He had no choice, and he knew it. Our next stop was Kingston.


So it was that some days later Adewalé and I found ourselves roasting in the heat of Kingston as we shadowed the governor as he made his way to his meeting with Prins.

Prins, it was said, had a sugar plantation in Kingston. The Sage had been working for him but Prins had got wind of the bounty and thought he could make the sale.

Storm the plantation, then? No. Too many guards. Too high a risk of alerting The Sage. Besides, we didn’t even know for certain he was there.

Instead we wanted to use Torres to buy the man: Torres would meet Prins, give him half the gold and offer the other half in return for the deliverance of The Sage; Adewalé and I would swoop in, take The Sage, whisk him off, then prise out of him the location of The Observatory. Then we would be rich.

Simple, eh? What could go wrong with such a well-wrought plan?

The answer, when it came, came in the shape of my old friend James Kidd.

At the port, Torres was greeted by Prins, who was old and overweight and sweating in the sun, and the two of them walked together, talking, with two bodyguards slightly in front of them, two behind.

Would Torres raise the alarm? Perhaps. And if he did, then Prins surely had enough men at his command to overpower us easily. But if that happened, Torres knew that my first sword slash would be across his throat and if that happened, none of us would see The Sage again.

The funny thing is, I didn’t see him. Not at first. Instead it was as though I sensed him or that I became aware of him. I found myself looking around, the way you do if you smell burning when you shouldn’t. What’s that smell? Where’s that coming from?

Only then did I see him. A figure who loitered in a crowd at the other end of the pier, part of the background but visible to me. When he turned his face, I saw who it was. James Kidd. Not here to take the air and see the sights by the look of him. Here on Assassin business. Here to kill . . . who? Prins? Torres?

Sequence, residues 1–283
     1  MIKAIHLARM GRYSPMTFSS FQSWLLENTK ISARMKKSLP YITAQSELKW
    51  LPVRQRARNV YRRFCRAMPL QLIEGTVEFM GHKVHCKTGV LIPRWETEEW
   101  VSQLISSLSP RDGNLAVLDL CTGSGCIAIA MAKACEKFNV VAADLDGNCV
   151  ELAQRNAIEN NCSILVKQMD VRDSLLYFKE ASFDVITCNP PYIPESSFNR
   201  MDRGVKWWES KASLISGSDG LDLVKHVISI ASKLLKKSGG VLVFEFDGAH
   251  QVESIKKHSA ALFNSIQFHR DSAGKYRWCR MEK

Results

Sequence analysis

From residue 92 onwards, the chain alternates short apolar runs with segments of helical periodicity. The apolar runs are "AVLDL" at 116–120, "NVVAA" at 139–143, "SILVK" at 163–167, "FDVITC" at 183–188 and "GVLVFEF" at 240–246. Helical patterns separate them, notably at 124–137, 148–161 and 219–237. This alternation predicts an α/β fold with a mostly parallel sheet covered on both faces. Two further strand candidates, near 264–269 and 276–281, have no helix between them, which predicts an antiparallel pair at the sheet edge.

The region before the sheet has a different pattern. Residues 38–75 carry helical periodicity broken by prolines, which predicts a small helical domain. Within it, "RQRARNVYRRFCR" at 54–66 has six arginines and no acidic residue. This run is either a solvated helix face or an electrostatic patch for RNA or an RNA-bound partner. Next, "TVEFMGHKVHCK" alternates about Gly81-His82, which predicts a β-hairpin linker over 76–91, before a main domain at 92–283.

Jaysus. We kept close to the harbour wall as I led Adewalé over, grabbed Kidd and dragged him into a narrow alleyway between two fishing huts.

“Edward, what the hell are you doing here?” He writhed in my grip but I held him easily. (I’d think back to that later—how easily I was able to pin him to the hut wall.)

“I’m tailing these men to The Sage,” I told him. “Can you hold off until he appears?”

Kidd’s eyebrows shot up. “The Sage is here?”

“Aye, mate, he is, and Prins is leading us straight to him.”

“Jaysus.” He pulled a frustrated face but I wasn’t offering him a choice. “I’ll stay my blade for a time—but not long.”

Torres and Prins had moved off by then and we had no choice but to follow. I followed Kidd’s lead, on-the-spot Assassin training in the art of stealth. It worked like a dream. By staying at a certain distance we were able to remain out of sight and pick up on snippets of conversation, like Torres’s getting peeved at being made to hang on.

“I grow tired of this walk, Prins,” he was saying. “We must be close by now.”

As it turned out, we were. But close to what? Not to Prins’s plantation, that much was certain. Ahead was the dilapidated wooden fencing and odd, incongruous arched entrance of what looked like a graveyard.